Posts Tagged voice of the people

China – Losing its Grip on the Net

China’s microbloggers quadrupled in 2011, report says

Use of weibo has been growing rapidly in China

The number of microbloggers in China quadrupled in 2011, according to a think-tank report.

Nearly half of China’s 513 million netizens used weibo sites – Twitter equivalents – last year compared to 63 million in 2010, the China Internet Network Information Center report said.

Chinese microbloggers took to the platform to voice opinions on protests, corruption scandals and major events.

The number of Internet users represents 38.3% of the 1.3bn population.

This jump in the number of microblog users has made it harder for China to impose strict controls on the web.

Last year was a watershed year for users of weibo sites such as those run by Sina Corp and Tencent Holdings.

Major events such as the Wenzhou train crash in July, a hit-and-run that left a severely injured toddler to be ignored in the road and mass protests in Dalian and Wukan, among others, fuelled discussion on the sites.

Growing popularity

Late last year several Chinese cities, including Beijing and Shanghai, began requiring weibo users to register their real names.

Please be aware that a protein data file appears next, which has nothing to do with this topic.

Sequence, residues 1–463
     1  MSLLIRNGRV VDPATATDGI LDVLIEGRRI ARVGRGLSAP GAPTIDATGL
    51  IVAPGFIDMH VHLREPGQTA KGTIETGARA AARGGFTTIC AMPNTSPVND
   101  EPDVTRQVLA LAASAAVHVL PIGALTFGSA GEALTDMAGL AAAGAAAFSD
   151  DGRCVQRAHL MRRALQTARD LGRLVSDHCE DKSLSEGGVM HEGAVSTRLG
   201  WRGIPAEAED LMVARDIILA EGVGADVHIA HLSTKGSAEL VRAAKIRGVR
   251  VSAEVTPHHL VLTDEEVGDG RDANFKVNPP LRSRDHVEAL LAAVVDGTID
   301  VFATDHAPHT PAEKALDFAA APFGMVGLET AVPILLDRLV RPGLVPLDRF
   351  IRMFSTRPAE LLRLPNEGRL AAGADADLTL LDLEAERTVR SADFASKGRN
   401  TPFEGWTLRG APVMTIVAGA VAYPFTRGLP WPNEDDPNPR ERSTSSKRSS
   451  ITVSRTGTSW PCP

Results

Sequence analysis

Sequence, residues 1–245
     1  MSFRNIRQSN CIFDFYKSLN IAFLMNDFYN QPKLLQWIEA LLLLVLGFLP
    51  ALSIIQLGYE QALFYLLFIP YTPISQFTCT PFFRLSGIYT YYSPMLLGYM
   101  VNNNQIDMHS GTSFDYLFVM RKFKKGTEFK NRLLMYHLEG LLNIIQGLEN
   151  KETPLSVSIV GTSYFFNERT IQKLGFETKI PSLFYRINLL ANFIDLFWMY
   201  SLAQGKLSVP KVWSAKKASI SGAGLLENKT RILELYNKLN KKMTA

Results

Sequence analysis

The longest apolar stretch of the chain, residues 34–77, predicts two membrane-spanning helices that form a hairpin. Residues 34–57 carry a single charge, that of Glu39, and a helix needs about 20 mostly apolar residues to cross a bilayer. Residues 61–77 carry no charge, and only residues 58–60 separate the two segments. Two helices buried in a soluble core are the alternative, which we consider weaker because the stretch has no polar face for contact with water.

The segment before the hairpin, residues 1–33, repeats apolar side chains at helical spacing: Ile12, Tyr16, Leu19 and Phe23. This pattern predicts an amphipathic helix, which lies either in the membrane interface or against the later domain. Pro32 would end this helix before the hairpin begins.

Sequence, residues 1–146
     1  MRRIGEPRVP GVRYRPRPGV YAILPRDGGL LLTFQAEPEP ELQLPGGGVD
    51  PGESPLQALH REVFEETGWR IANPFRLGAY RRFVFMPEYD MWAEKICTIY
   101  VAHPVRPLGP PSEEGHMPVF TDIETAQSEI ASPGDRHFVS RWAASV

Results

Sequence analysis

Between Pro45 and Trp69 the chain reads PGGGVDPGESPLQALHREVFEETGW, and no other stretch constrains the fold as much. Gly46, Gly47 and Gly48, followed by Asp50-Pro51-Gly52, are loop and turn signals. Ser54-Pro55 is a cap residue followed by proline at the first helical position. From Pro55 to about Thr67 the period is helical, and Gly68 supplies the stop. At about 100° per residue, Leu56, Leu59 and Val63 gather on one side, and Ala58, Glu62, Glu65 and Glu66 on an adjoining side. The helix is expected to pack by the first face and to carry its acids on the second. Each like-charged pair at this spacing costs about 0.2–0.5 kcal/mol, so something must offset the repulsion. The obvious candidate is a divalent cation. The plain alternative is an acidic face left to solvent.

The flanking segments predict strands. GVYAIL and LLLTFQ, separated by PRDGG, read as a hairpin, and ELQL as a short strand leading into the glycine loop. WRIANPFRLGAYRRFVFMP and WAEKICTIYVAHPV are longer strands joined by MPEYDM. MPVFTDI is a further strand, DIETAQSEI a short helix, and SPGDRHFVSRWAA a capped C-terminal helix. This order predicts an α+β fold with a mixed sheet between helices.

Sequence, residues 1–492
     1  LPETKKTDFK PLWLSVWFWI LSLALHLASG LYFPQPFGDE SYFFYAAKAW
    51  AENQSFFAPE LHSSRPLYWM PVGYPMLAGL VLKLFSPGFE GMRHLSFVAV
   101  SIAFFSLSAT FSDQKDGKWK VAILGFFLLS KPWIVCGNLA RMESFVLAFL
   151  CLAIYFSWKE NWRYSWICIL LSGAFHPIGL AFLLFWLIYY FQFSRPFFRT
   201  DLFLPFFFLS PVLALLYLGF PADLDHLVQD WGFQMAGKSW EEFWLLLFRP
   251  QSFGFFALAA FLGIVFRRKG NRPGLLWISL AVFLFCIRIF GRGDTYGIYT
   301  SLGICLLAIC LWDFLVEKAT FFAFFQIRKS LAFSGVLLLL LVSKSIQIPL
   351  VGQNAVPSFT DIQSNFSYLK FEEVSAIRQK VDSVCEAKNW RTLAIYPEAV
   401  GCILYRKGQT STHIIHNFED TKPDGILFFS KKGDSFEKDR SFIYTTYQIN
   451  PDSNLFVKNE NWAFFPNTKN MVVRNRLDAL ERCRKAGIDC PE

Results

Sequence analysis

Critics said this was an attempt to deter postings critical of the government and make it easier for such posts to be tracked.

Microblogging services were also ordered to monitor content more closely and remove objectionable posts more quickly.

The number of Internet users also rose 12.2% in 2010, according to the official data.

Source: BBC News Read more


As I said in yesterday’s post, the internet is getting too big to control; many countries who are trying to control internet content are finding this out.

China is trying, but obviously failing to control criticism of the government and policies through the net.

America would find the same problem.

The internet represents free speech, the voice of the people. Any government who finds that the internet is critical of the politicians or policies must realise that something is wrong; obviously the people are not happy and after all aren’t governments supposed to represent the people?

Attempts to control or censor the net can only serve to exacerbate the situation.

It’s high time that governments realised that the internet represents the voice of the people and is a barometer of potential civil unrest. The obvious thing to do would be to heed the internet’s warnings and fix what is wrong rather than making it worse.

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